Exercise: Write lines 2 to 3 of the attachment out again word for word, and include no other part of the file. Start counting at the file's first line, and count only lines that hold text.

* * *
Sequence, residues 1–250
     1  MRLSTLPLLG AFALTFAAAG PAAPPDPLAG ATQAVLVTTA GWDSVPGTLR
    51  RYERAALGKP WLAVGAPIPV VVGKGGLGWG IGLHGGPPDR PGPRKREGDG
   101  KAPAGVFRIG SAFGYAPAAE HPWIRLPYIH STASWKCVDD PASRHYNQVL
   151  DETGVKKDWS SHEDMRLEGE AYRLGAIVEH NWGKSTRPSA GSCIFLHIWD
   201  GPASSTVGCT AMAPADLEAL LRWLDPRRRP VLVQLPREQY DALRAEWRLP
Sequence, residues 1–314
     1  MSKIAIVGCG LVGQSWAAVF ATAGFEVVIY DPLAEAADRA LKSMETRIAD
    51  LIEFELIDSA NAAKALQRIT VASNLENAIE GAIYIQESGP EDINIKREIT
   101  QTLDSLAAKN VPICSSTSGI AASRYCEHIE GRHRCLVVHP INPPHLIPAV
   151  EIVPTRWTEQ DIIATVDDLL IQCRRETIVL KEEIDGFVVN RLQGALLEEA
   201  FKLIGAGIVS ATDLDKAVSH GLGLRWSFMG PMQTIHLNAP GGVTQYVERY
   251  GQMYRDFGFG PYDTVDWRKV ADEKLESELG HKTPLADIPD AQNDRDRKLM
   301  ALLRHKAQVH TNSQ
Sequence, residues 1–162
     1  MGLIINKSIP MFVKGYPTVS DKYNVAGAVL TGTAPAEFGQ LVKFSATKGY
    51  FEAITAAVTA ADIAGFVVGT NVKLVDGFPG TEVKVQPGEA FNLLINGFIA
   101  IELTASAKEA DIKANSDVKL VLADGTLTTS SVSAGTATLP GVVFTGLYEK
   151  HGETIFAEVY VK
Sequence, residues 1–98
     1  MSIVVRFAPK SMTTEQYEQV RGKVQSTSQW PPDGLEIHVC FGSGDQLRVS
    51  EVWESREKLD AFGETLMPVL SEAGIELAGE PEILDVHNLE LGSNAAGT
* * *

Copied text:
     1  MRLSTLPLLG AFALTFAAAG PAAPPDPLAG ATQAVLVTTA GWDSVPGTLR
    51  RYERAALGKP WLAVGAPIPV VVGKGGLGWG IGLHGGPPDR PGPRKREGDG